During assembly on Monday, December 4, Dr. Ray Arvidson, the James S. McDonnell Distinguished University Professor in Wash U's Department of Earth and Planetary Sciences and a faculty fellow with the McDonnell Center for the Spaces Sciences, spoke to students about how ~ and why ~ we explore the planets. His presentation kicked off Computer Science Week.
Arvidson juxtaposed three planets:
Earth, which is inhabitable because of its size, its distance from the sun and the equilibrium between its emitted and consumed gases ... where there is ample water ~ as liquid, gas and ice ~ and where the atmosphere holds in sufficient heat to support sophisticated life.
Venus, which is closer to the sun and where there is a runaway greenhouse effect ... where it is so hot, it snows metal ... where one of the only ways to take samples might be to lower an extraction balloon and then raise it back up where it is cooler.
Mars, which today is super cool, with no water, only ice ... where there is evidence ~ ancient stream beds, lakes, deltas ~ that it used to be warm and wet and could possibly have been inhabited on a microbe level.
Arvidson said there is a lot of international interest around Mars and spoke about various rovers and landers, including Curiosity which he hopes will be able to drill by 2020 and send samples to earth for years and years of analysis. In response to a question, he said while limited habitation of Mars might be possible within a couple hundred years, we really explore the solar system to better understand earth.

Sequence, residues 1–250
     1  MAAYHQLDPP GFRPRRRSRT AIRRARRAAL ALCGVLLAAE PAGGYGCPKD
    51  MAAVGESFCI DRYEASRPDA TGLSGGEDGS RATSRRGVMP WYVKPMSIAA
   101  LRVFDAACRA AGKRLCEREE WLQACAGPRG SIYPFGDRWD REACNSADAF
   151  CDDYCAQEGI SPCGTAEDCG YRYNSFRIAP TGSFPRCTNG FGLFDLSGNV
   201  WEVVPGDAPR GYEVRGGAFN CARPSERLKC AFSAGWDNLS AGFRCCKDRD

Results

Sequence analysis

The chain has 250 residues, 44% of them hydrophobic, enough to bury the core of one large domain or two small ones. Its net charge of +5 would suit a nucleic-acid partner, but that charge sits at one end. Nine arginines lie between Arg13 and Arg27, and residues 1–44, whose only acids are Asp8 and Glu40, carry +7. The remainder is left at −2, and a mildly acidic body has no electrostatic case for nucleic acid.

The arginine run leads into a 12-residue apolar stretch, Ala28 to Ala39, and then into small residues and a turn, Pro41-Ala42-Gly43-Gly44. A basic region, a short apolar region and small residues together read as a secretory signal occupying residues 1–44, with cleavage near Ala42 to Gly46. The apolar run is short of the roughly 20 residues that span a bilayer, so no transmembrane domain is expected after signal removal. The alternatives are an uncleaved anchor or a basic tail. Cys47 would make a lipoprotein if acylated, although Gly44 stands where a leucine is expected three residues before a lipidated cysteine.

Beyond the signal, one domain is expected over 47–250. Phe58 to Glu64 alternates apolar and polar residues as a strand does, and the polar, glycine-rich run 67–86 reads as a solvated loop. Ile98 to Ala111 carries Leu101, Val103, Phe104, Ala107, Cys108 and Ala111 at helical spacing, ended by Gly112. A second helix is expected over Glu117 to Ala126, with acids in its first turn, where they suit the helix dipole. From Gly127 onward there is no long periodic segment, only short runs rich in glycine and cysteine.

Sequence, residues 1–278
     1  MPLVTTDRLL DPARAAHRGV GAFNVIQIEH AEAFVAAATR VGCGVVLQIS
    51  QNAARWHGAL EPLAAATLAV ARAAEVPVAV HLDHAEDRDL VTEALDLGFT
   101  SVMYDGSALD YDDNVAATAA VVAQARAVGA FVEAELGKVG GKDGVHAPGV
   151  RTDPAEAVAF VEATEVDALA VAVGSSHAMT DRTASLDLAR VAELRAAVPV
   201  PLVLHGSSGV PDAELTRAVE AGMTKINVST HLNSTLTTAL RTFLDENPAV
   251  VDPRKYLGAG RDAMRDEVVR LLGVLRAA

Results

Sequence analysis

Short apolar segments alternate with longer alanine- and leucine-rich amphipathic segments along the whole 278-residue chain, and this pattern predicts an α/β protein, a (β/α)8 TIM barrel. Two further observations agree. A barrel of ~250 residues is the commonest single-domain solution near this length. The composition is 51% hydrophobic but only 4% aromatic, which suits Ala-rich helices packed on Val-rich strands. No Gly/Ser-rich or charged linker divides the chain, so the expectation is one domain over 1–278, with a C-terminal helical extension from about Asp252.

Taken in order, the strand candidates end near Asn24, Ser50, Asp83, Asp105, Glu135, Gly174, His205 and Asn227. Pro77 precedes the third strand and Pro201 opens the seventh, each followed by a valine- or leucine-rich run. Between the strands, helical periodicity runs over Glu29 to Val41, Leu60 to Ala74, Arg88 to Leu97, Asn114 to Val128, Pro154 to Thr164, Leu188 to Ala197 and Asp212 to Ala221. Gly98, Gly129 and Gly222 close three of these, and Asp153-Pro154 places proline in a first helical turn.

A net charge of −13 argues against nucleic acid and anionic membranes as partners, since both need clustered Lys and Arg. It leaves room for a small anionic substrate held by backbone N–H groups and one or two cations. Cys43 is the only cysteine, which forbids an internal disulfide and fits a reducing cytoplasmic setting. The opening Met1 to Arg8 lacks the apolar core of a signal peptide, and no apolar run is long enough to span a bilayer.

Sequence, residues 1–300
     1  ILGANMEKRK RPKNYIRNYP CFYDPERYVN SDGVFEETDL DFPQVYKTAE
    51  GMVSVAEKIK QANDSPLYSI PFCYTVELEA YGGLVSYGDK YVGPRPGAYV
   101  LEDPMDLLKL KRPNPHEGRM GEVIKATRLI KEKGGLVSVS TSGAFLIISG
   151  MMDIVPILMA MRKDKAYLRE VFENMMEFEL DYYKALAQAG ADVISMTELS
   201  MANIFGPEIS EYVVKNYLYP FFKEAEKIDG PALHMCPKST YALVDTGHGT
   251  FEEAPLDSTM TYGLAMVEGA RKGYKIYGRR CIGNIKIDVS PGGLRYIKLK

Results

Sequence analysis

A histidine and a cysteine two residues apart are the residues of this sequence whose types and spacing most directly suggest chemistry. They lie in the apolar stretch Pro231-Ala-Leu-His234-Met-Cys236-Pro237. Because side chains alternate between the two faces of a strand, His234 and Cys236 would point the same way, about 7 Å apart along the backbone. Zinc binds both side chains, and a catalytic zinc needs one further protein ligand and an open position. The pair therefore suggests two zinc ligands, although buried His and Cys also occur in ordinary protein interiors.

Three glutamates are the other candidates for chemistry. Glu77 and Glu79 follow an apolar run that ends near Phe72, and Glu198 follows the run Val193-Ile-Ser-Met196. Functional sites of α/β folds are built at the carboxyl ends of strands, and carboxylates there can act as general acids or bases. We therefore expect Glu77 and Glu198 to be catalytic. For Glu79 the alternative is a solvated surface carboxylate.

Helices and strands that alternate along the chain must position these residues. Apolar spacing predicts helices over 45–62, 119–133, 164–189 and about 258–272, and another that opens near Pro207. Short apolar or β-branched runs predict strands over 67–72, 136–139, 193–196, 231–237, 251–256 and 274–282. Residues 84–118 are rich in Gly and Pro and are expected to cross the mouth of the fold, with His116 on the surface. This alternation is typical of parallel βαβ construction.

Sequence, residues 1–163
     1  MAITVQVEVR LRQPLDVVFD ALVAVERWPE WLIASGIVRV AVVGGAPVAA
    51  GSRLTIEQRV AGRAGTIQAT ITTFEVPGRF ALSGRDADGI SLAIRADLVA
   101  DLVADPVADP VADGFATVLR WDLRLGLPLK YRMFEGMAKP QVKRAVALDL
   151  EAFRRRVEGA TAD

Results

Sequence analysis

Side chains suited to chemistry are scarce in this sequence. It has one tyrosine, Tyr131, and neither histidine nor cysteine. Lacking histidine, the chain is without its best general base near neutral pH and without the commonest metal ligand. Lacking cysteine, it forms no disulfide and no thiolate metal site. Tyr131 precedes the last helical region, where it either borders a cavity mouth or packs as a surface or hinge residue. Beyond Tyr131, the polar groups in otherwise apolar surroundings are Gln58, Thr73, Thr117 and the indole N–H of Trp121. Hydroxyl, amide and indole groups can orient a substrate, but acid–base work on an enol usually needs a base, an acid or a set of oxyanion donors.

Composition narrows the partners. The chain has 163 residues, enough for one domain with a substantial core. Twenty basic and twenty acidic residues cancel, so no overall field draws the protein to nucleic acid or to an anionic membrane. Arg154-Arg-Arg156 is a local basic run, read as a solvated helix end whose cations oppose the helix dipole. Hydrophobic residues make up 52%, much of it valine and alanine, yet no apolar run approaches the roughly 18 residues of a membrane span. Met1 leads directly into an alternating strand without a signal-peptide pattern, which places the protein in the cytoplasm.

After assembly, Arvidson was heading back to the Wash U campus to work with other scientists and engineers on Curiosity's early exploration of Mount Sharp (on Mars). As the rover moves uphill, it will go from old rocks to young rocks, hopefully unlocking some of the mysteries of Mars.
Arvidson received a Ph.D. from Brown University in 1974. He is presently the James S. McDonnell Distinguished University Professor Washington University in St. Louis, where he focuses on teaching and research about current and past environments on the Earth, Mars and Venus. He is a fellow of the McDonnell Center for the Space Sciences. He has been instrumental in development and implementation of both orbital and landed missions to the planets, including participation in the Magellan Radar Orbiter Mission to Venus, Team Leader for the Viking Lander Imaging System on Mars, member of the Project Science Group for the Mars Global Surveyor Mission, Deputy Principal Investigator for the highly successful Mars Rover Missions (Spirit and Opportunity), the Robotic Arm Investigator for the Mars Phoenix Lander Mission, Co- Investigator for the hyper-spectral mappers OMEGA (Mars Express orbiter) and CRISM (Mars Reconnaissance Orbiter), and a Science Team Member for the Mars Science Laboratory Curiosity Rover that landed on Mars in August 2012. He is the Director of the NASA Planetary Data System Geosciences Node, making available ~300 terabytes of NASA data to the worldwide research community.